Whatever his obvious faults and flaws, it is somewhat understandable that Richard Nixon would ruminate about how Jack Kennedy got away with a lot during his assassination-shortened presidency. And there is no doubt that the 37th President of the United States saw all of the “Camelot” hype as mythology born of cynical public relations. While Nixon was being criticized for conducting a purported “Imperial” presidency by the likes of Arthur Schlessinger (a pro-Kennedy historian), he no-doubt resented the cult of personality that survived his old rival’s violent death.
RN would be 97 today—JFK would be 93 in a couple of weeks. It’s hard to envision the forever-young Kennedy as an old man, though we saw Nixon live into his 80s. They were friends at first, with Nixon the early-on transcendent figure. Then came the rivalry marked by increased and enduring bitterness. But it was always more complicated than that.
Americans too young to remember either man have been taught the party line that Kennedy was a great man and Nixon was a bad man. JFK was the hero of the Cuban Missile Crisis—Nixon was the villain of Watergate. JFK had charisma; Nixon had no charm—and so it goes.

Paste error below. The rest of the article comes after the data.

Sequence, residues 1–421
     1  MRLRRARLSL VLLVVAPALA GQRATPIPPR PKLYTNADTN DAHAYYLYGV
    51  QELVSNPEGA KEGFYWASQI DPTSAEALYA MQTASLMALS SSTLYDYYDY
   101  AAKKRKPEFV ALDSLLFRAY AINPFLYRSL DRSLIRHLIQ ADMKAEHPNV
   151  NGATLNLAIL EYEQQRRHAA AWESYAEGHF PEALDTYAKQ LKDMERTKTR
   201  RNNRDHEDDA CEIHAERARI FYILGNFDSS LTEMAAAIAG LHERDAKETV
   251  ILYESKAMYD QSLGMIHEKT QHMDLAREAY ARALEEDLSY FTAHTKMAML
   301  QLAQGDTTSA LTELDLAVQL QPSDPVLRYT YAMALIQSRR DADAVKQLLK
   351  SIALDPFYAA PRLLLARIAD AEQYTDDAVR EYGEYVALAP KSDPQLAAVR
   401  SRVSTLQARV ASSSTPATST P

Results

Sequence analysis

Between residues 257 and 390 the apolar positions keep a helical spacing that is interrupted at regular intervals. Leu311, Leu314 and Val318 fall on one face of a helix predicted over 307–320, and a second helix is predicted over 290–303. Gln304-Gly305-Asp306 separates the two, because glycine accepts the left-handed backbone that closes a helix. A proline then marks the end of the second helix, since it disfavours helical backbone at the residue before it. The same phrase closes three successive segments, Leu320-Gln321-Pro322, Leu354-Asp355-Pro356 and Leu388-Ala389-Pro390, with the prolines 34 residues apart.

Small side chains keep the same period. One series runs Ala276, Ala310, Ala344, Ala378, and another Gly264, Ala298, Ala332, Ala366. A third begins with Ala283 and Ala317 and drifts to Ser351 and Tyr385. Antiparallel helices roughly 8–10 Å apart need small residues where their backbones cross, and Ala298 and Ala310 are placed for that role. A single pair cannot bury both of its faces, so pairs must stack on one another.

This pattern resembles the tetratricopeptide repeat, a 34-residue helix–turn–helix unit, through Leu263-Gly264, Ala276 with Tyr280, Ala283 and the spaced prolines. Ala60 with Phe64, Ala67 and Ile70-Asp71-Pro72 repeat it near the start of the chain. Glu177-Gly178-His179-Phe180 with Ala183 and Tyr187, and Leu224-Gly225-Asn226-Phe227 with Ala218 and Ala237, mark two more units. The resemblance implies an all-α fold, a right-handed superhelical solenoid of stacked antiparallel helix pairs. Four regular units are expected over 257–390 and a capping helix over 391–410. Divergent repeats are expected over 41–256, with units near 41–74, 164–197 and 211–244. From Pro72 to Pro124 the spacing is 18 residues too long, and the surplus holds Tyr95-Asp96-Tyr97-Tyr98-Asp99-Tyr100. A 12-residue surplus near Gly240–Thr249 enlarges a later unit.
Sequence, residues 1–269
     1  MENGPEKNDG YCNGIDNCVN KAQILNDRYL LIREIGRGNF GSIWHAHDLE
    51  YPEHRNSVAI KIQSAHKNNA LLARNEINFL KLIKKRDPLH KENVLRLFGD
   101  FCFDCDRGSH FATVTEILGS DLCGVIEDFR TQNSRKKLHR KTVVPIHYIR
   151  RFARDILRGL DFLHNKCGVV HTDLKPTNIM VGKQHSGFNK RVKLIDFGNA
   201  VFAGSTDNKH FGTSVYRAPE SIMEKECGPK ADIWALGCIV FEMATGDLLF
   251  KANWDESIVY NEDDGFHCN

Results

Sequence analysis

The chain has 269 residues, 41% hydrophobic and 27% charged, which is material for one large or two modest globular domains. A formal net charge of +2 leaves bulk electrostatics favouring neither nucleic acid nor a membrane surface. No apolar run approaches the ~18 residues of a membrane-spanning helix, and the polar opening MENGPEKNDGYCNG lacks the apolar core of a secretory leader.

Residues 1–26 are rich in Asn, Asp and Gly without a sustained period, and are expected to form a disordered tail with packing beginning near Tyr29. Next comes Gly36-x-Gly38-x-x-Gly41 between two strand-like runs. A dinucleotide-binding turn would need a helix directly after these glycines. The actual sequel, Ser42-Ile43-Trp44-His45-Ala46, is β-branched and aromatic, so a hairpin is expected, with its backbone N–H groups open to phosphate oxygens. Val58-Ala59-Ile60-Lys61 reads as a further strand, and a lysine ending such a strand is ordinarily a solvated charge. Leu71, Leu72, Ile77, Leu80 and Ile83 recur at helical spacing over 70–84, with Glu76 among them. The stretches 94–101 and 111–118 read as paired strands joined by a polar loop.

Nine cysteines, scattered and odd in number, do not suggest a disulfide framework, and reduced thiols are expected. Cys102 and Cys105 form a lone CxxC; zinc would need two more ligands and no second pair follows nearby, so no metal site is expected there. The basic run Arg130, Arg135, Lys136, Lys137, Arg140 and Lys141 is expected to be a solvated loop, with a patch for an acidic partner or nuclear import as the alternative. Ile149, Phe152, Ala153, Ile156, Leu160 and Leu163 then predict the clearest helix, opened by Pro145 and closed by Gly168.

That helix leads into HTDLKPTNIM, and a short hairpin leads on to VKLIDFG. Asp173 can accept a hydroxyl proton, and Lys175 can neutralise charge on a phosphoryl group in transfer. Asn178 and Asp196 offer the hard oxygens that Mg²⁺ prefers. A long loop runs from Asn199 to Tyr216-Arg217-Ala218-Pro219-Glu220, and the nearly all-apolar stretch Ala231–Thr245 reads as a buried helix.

The truth is actually quite different.
The History Channel is moving forward with production of an eight-part mini-series scheduled to air next year called, The Kennedys. Greg Kinnear (Little Miss Sunshine) will play JFK and Katie Holmes will play Jacqueline. The producer is a man named Joel Surnow, who is the creator of the highly successful and soon to expire series, 24.
Surnow is also reputed to have politically conservative tendencies (Gasp! Horrors!). Reportedly, the upcoming dramatic portrayal of the years of the New Frontier will include material about some of Kennedy’s flaws—and the guardians of his image are mobilized to “stop the smears.”
I say it’s about time that popular culture is exposed to the truth about the man behind the Camelot myth—before fact is fossilized.